notice or trace, since most firewall hardware and software, including Windows XP's built in firewall, does not interfere with information going out of the protected computer or network. Transmitting Information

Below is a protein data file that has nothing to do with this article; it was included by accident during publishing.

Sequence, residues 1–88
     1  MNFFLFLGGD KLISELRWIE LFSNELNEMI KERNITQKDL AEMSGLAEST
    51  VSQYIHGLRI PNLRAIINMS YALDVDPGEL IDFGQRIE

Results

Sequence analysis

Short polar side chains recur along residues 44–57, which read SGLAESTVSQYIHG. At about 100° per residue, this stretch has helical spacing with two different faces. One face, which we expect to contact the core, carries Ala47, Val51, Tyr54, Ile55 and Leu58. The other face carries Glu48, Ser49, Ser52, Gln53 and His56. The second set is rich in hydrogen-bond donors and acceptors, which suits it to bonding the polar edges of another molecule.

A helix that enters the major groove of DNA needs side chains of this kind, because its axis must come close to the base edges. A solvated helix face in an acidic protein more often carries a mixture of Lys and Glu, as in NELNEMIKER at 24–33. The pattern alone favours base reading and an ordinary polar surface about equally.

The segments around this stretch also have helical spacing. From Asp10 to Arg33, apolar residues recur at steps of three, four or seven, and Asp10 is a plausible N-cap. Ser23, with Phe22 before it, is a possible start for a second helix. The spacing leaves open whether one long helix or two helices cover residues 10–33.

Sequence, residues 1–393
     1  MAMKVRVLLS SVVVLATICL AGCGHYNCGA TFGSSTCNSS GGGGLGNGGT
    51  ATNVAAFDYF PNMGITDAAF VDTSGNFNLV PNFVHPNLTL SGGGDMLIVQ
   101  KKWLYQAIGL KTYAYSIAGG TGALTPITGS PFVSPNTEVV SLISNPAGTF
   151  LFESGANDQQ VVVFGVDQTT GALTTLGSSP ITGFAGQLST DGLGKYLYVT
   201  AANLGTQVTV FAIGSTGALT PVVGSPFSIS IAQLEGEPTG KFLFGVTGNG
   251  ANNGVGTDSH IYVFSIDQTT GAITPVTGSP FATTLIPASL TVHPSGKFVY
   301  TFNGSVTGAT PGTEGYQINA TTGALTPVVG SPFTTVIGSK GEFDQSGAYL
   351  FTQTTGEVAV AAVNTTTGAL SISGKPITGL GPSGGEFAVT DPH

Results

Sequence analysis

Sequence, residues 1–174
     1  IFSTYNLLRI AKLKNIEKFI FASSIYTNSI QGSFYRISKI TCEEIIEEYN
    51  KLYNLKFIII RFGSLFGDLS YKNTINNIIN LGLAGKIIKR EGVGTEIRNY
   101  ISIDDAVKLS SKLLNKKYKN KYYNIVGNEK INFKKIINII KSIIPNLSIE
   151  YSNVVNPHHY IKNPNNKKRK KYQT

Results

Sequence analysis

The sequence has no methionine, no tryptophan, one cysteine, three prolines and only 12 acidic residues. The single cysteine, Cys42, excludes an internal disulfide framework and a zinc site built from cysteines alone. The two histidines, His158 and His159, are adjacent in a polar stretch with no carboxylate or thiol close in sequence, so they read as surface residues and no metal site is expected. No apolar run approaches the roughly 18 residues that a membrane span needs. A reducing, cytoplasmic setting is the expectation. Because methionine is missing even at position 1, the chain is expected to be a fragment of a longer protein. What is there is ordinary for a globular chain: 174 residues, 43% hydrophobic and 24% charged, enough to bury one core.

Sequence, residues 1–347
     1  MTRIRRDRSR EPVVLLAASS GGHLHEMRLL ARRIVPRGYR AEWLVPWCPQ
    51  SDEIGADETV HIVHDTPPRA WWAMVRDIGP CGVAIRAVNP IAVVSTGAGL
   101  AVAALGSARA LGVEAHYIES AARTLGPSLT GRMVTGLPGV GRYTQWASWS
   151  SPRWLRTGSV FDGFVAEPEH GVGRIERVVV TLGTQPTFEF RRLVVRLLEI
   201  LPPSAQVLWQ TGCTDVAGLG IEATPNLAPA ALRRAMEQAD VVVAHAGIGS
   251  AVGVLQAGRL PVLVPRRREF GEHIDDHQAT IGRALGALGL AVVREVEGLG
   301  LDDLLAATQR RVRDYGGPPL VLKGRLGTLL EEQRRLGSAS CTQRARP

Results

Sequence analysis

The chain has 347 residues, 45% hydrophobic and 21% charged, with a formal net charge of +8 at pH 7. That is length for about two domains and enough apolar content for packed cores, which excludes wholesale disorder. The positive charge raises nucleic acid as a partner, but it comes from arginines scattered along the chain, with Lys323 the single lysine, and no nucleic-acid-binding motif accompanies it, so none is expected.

The umbrella definition of spyware also includes other types of programs, such as software that will download specific advertising content constantly to your browser, regardless of where you happen to be on the Internet, software that hijacks your homepage to one of its own choosing, etc. The constant with all these forms of spyware is the element of consent. Legally, the manufacturers have obtained your consent to install their software on your computer and transmit information from it, and thus will claim (since most internet users have at least heard of the term spyware used negatively) that their product is not spyware. Their software was only installed after getting permission from the user, but it is unlikely that the majority of computer users hosting so-called spyware programs on their computer expect, approve, or are even aware that their computer may be transmitting information back to the manufacturer for its own use. Whether or not this lack of awareness should make a users' information fair game is not up to us to decide, but since entire businesses have been founded to exploit the tendencies of the average internet user, why not provide information that will help the idividual decide if they want to be surveyed or not? What's the point of Spyware? The major concern that keeps cropping up when spyware is discussed is privacy, certainly the number one issue with spyware as it is generally characterized in the media. While there are varieties of spyware (see our partial list of definitions below) that send little or no information out from your computer, the majority of spyware was created for customer demographic purposes, and as such, wants to know who you are, where you are going on the web, and what you like to buy when you go there. This information can then be sold or more likely just used to target you with customized advertising from the spyware creator's list of clients. As you have generally agreed to allow your information to be used this way when you allowed the program to install (and most likely bypassed the EULA, the End User License Agreement, as about 99% of computer users habitually do) you have no legal recourse to stop this data mining from taking place outside of uninstalling the offending program. It is doubtful that the majority of spyware users realize that their information is being gathered in this way, or even realize that the programs are installed at all in many cases. Indeed, the profits of manufacturers such as Gator corporation seem to be dependent on the unfortunate fact that the average computer user is not going to be aware of what these programs are intended to do, even when the information is presented to them (albeit in a confusing way). A secondary issue is the added difficulty some forms of spyware give to the already difficult task of introducing your children safely to the Internet. Granted, many school age kids are already more computer literate than their parents, but take for example the idea of a spyware 'browser hijacking' program installed on your computer due to an accidental click or incorrect security settings on your browser. Having Internet explorer